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Former Brexit Party MEP Claire Fox argued in favour of other solutions to help poorer nations around the world besides foreign aid. While speaking on BBC Question Time, Ms Fox argued there could be a simple post-Brexit solution. She insisted with no tariffs for certain countries, the UK and the other nations could benefit economically.
This comes after Chancellor of the Exchequer, Rishi Sunak, announced the UK would be reducing its foreign aid budget from 0.7 to 0.5 percent of the country’s Gross National Income (GNI)
The Government has faced some criticism for this as the total figure of aid would have gone down due to the impact coronavirus has had on the economy.
Ms Fox said: “If we really want to do something, I think we should have no tariffs on chocolate coming from parts of Africa.
“In post-Brexit Britain, there are all sorts of ways to do things.
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“In other words, I believe in more trade, not aid, so we encourage development rather than treating people as if they are going to have crumbs off the table of aid.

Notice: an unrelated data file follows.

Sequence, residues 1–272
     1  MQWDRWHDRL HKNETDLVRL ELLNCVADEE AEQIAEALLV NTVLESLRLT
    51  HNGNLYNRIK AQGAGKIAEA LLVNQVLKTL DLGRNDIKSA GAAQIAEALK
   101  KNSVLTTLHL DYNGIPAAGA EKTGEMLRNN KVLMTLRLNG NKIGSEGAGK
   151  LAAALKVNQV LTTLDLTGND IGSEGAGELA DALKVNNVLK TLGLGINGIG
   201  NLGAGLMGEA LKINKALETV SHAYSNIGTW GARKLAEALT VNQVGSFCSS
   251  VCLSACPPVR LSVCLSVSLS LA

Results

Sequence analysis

“We have to be careful because aid is quite contentious, it is very political, aid NGOs are like a big business, they are like multinationals a lot of them, they are huge.
“It is not just straightforwardly going to the global poor so I want to be able to query that.
“I want to at least be able to ask questions, to have a complicated and sophisticated conversation without people thinking you want to kill off the global poor.”
Ms Fox added she was pleased about some efforts the UK has already made on becoming global Britain.
She said: “I do like the fact that there has been this attempt at saying that vaccinations will be shared.
“I thought one of the great things about the Oxford AstraZeneca thing was that vaccinations would go to those countries.
“So don’t just see it as aid, this is because there is a slightly patronising aspect to that.
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“In the sense that if we think the only way the global poor can ever stop being poor is if we give them handouts, usually with political strings by the way.
“I would be having a bigger conversation about aid, not about being little Britain and helping people out.
“It is about being appropriate with what you do in terms of global poverty.”
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